A beginner could easily do the trek to Batad’s pride. Doing the trail back is a different story though. ūüėČ Lots of water, sunscreen, hardboiled eggs and bananas would be a good starter pack for this must-do trip up north.

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Kokujin Conquers Some Trails

The pack decided to revisit some trails down Lower Seymour a couple of weeks ago before summer totally ended. We love the numerous trails offered by the vicinity because they’re a combination of easy to intermediate in terms of difficulty. We do have to take into consideration that as much as our sturdy dachshund proves to be the leader of the pack, he has the shortest, stubbiest legs that render it impossible for him to go through some obstacles along the way without assistance.

I personally recommend this area for hikers with smaller dogs. It’s pet-friendly, terrain-wise as well. Next time we might bring some bikes as they do have some challenging and challenge-free bike trails that I’ve been wishing to try.

Sharing some clips of our gang’s little adventure in one of the many hiking trails of this beautiful city.

 

#HelloKelowna

At the Philippine Consulate a year ago, a kindly gentleman was awed when he read that my hometown is Sagada. He was so impressed with the place that he enthusiastically described the sites he has seen there when he went to visit. He went on to say I was lucky to live in a place away from the city’s daily hustle. Sagada, he says, is Vancouver’s Kelowna–that drive away from the urban where you could just enjoy the serene beauty of a quiescent place. Such was his description hence I was doubly excited when the opportunity came to have a day trip to the gateway of Okanagan Valley.

This sunny city boasts of pine forests, provincial parks, expansive vineyards and orchards, and a lakeside cultural district. Truly a day was not enough to explore most of the place’s highlights but we made the most of it. Sharing some snippets from this marvelous trip with equally awesome ladies.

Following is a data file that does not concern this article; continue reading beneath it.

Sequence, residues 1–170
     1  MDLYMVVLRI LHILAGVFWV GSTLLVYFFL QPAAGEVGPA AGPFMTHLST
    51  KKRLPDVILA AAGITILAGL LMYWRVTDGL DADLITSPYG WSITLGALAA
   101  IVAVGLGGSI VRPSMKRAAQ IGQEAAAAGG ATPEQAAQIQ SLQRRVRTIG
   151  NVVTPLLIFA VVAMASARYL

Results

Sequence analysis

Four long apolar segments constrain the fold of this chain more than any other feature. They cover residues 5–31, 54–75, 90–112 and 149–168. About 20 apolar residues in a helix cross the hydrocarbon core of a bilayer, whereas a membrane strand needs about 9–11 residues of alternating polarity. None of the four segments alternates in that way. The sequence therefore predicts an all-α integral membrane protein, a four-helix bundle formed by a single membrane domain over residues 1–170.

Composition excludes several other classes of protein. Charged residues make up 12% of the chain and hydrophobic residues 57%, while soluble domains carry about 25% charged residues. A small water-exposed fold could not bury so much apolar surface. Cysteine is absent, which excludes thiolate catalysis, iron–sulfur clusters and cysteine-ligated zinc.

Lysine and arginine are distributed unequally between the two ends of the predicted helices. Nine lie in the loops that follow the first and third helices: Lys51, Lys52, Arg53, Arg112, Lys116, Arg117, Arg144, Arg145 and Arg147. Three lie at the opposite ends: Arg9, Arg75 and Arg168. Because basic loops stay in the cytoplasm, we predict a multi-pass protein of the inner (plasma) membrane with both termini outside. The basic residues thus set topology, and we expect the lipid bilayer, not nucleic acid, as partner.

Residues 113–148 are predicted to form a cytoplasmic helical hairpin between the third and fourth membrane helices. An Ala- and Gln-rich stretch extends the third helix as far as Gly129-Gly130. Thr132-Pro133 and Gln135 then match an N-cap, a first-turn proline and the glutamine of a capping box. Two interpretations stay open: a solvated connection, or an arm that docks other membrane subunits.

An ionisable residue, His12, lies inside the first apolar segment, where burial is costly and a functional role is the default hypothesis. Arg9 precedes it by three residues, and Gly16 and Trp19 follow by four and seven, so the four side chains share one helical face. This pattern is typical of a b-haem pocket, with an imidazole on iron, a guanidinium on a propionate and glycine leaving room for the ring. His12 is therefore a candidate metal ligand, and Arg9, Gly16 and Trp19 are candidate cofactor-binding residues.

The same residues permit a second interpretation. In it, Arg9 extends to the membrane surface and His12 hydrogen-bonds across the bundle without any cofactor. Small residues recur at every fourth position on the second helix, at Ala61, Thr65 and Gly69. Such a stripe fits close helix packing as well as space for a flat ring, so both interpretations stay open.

We went home spent and full, not just with the beauteous sights but with the first pickings of Fall apples, peaches, plums and grapes. You are indeed a  nice respite Kelowna.

Barefoot Chronicles: Third Time’s a Charm

 

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Without hesitation, I claim that the mountains of BC are love at first sight and experience for me.¬†Simply because¬†I am reminded of home with the painfully familiar coniferous bounty that British Columbia’s forests boast of.

I lived below the century-old pine trees of Tangeb back in Sagada¬†so I got to¬†smell the pungent sweetness of sap and pine needles¬†that¬†waft¬†through the breeze all day long. I¬†yearn for that most times¬†hence every chance I get, I indulge in getting lost amongst the pines, oaks and redwoods¬†of this province’s¬†bounteous forests.

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Like¬†a runner’s high, I¬†experience that euphoria once I¬†succumb to getting¬†lost in a mossy paradise. I feel most tranquil as I slowly start to lose my grip of time, gawking at the overgrowth of life around me while swatting away mosquitoes or wasps.

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Elk Mountain has entranced me the first time Dalifer and I climbed it back in 2015.¬†Almost¬†fifteen hundred meters¬†¬†(1,432 m) high and a medium-difficulty hike I believe for non-hard core hikers like me, it is a haven¬†frequented by paragliders and occasional hikers who’d do the connection trail from Elk to Thurston to Cheam. I love it for the fact that not a lot of people come here. Unlike other highly-advertised trails in BC where most times you have to pace yourself with the person before or after¬†you, you only get to meet a¬†lone¬†climber every 30 minutes or so. In a way, you own the trail.IMG_2973

Which is why we’ve made our Elk Mountain¬†trek a yearly must. And each time, I would keep on thinking how a lot more awesome it would be if I was hitting this trail with a dog.